This speech by Brinkley, in which he announces his wonderful new breakthrough, is an amalgamation of many different moments. We’re condensing a lot of things together here for flow and simplification.
He stopped offering the goat gland surgery in 1933 (not in 1937 as suggested here), and offered instead “glandular preparations” or “commercial preparations” (whatever that means) instead. But we’re making it seem as if these “preparations” were known as Formula 1020, which they weren’t; Formula 1020 was a different treatment. Basically, Formula 1020 was colored water given to all post-operative patients and was meant to increase a patient’s white blood cell count. Really, it was just one of many quack remedies sold by Brinkley; we only bring up Formula 1020 because it becomes important in the libel trial later.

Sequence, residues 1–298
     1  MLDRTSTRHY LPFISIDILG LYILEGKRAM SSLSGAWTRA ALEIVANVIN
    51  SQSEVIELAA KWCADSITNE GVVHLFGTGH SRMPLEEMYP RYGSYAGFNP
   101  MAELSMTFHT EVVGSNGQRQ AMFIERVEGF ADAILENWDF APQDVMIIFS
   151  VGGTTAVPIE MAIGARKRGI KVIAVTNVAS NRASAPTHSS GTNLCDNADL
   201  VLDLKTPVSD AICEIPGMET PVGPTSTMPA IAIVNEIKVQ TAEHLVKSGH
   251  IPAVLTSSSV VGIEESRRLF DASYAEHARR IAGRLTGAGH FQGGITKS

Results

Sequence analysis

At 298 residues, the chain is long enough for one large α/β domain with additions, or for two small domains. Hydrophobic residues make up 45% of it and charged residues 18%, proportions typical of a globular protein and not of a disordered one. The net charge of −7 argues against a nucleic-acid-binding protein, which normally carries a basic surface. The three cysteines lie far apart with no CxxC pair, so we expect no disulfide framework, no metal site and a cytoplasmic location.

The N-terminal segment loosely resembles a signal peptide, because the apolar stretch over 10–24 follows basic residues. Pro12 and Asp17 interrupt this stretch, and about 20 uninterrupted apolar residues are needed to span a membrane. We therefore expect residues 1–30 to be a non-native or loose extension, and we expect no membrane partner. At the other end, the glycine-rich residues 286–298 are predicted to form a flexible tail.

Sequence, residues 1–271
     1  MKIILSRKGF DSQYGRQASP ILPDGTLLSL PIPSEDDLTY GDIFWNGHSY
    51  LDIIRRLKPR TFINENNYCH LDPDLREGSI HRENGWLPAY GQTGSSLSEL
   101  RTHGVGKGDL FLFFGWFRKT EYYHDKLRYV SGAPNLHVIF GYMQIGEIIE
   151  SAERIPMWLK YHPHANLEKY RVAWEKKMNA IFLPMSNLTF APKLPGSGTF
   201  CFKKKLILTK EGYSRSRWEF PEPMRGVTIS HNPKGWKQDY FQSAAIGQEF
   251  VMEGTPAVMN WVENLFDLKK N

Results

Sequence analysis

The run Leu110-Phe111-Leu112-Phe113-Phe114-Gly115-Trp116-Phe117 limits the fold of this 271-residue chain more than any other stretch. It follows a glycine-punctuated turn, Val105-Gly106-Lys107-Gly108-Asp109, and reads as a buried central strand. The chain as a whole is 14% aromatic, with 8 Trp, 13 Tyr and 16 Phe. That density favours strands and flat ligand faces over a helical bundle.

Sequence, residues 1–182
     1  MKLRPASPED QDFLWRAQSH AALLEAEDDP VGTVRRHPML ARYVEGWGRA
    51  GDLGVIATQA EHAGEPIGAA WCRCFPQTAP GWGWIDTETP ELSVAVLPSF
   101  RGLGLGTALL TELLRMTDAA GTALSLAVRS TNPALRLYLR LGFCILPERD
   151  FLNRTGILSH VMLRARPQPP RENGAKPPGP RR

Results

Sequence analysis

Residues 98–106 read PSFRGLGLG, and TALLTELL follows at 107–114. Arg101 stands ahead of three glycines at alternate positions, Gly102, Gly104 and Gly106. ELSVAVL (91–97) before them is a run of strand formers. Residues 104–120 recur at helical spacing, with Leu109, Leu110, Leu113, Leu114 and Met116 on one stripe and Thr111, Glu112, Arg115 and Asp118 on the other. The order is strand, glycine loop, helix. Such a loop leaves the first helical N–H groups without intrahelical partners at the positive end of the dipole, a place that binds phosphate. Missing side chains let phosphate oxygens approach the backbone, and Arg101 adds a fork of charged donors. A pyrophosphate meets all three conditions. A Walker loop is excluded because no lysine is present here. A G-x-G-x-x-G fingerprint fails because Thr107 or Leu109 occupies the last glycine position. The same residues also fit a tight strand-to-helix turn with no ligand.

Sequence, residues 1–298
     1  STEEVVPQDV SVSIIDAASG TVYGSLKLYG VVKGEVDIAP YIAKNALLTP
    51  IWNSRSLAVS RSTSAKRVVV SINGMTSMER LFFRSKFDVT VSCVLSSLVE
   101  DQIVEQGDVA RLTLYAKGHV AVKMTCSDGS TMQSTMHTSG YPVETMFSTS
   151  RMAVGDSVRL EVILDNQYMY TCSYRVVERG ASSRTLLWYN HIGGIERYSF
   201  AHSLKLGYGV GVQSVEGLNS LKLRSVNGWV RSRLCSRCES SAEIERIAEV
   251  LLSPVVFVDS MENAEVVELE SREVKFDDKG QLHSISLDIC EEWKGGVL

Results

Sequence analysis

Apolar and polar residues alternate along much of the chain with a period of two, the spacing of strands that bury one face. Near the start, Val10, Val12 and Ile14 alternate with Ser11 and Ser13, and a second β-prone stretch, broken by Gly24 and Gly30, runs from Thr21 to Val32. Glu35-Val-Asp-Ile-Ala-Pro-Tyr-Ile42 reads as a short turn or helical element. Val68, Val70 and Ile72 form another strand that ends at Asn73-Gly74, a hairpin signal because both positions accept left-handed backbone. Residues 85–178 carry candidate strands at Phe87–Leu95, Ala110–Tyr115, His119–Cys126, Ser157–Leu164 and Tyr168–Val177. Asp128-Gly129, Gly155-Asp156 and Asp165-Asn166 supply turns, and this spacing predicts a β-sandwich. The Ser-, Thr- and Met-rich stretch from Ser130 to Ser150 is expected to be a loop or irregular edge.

Also, notice that now all of the sudden the goat glands aren’t just for impotence? We’re finally sharing the information that the goat gland surgery was acually a miracle cure-all good for almost anything that ails you! A good sample of the conditions Brinkley claimed to cure with goat glands can be found in Shadows and Sunshine, John R. Brinkley, published by John R. Brinkley, Milford Kansas, 1923 (or later in the film, at the end of the first day of the libel trial).